I recently wrote an article challenging the belief that subject matter experts (SMEs) are required for training the system in technology-assisted review. (See: Subject Matter Experts: What Role Should They Play in TAR 2.0 Training?) This view, held by almost everyone involved with TAR, stems from the common-sense notion that consistency and, ultimately, correctness are critical to a successful ranking process. Indeed, Ralph Losey made that case eloquently in his blog post: “Less Is More: When it comes to predictive coding training, the ‘fewer reviewers the better’ – Part One.” He argues that one SME is the “gold standard” for the job.
Putting our science hats on, we tested this hypothesis using data from the 2010 TREC program. As I reported in the earlier article, we ran tests comparing the ranking effectiveness using seeds from the topic authorities (SMEs) and the reviewers. We found that the rankings for both the SMEs and the reviewers were close–there was no clear winner although one did better than the other at different points or on different projects.
Interestingly, we found that using the experts to QC 10% of the review team’s judgments proved as effective as using experts alone and sometimes better. We also showed that using experts for QC review was both quicker and cheaper than using experts alone for the training.
Pushing the Limits
For this post, we decided to push the limits of our earlier experiment to see what might happen if we pitted the experts against the review teams in yet another way. For this experiment, we sought out the specific training documents where the SMEs (topic authorities) expressly disagreed with the judgments by the review team. Specifically, we decided to identify documents where the experts voted one way (responsive, for example) and the reviewers the other way (non-responsive). Our plan was to use these documents, and these documents only, to train our system. We wanted to see which set of judgments would produce the better results¾those from the experts or the conflicting judgments from the review team.
To be completely clear: In these experiments, the judgments from the review team were not just slightly wrong. The review team judgments were, from the perspective of the topic authority, 100% wrong. Every single document in these training sets that the topic authority marked as responsive, the review team marked as nonresponsive, and vice versa.
As in my earlier article, we again worked with four topics from the TREC legal track. For each topic, we sought out documents where the judgments of the experts and reviewers conflicted. We used those conflicting judgments (and only those judgments) to twice train the algorithm: once using the experts’ judgments and once using the review team’s judgments. We wanted to see which approach produced the better ranking.
Following the methodology of my earlier article, we also did a third run of the algorithm. For this one, we simulated using the experts for quality control. We assumed that the experts would review 10% of the review team’s judgments and correct them (because in this case we already knew that the experts disagreed with the review team). Thus, the third run contained a mix of the review team’s judgments (arguably mistakes) with a randomly selected 10% of them corrected to reflect the experts’ (arguably correct) judgments.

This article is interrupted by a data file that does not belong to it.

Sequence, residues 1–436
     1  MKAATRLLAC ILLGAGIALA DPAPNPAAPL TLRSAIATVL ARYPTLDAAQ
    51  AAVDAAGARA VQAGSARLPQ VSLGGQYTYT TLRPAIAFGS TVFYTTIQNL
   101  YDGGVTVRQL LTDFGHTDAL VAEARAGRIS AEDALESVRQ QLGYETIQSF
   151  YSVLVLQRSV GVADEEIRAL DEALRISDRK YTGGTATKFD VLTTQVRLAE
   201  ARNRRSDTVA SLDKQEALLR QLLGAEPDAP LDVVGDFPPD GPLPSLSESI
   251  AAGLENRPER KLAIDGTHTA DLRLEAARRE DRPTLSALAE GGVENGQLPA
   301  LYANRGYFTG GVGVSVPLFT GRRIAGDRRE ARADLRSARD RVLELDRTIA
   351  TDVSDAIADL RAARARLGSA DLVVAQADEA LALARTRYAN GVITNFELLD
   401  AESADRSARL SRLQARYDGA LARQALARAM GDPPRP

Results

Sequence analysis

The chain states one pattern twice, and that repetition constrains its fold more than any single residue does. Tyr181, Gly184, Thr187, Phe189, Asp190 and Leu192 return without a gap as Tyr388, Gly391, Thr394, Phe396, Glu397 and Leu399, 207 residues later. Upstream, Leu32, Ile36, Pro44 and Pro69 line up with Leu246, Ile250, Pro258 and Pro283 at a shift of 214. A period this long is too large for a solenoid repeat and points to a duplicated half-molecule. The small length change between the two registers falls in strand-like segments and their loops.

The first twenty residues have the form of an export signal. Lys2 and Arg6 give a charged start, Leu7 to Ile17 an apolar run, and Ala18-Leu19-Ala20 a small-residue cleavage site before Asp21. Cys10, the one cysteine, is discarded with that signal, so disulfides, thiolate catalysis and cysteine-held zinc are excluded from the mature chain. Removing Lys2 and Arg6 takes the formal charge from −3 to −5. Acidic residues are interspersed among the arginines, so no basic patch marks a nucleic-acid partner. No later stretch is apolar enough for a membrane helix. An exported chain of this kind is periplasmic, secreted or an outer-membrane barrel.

Because we are training using only documents on which the topic authorities and non-authorities disagree, the absolute level of performance on these topics is lower than if we had used every available training document, i.e. all those additional documents on which both the authorities and non-authorities agreed. That, however, is not the purpose of this experiment. Our goal was to isolate and assess relative differences between these two variables.
Sound like fun? Here is how it turned out.
Quick Primer on Yield Curves
As before, we present the results using a yield curve. A yield curve presents the results of a ranking process and is a handy way to illustrate the difference between two processes. The X axis shows the percentage of documents that are available for review. The Y axis shows the percentage of relevant documents (recall) found at each point in the review.
The higher the curve is and the closer it is to the top left corner, the better the ranking. The sharply rising curve signifies that the reviewer is presented with a higher percentage of relevant documents, which is the goal of the process.
The gray diagonal line shows the results of a random presentation of relevant documents that is the expected outcome of linear review. On average, the reviewer can expect to see 10% of the relevant documents after reviewing 10% of the total, 50% after 50%, and so on until the review is complete. It presents a baseline for our analysis because review efficiency shouldn’t get any worse than this.
In this experiment, the ranking curve based on the expert judgments performed better than the one based on the review team’s judgments. The expert training hit 80% recall after reviewing about 10% of the total documents. The review team reached 80% recall at about 22% of the total population. When we based the training on the set of documents that included 10% QC correction from the SMEs, the review team would have reached 80% after reviewing about 15% of the total population.
One point is worth noting here. Even though the expert performed better than the review team, a ranking based on reviewer judgments still performed substantially better than manual linear review. Even relying solely on the review team’s training, you still only have to go about 22% of the way through the collection to get to 80% recall. With manual review, you’d have to go 80% of the way to get 80% recall.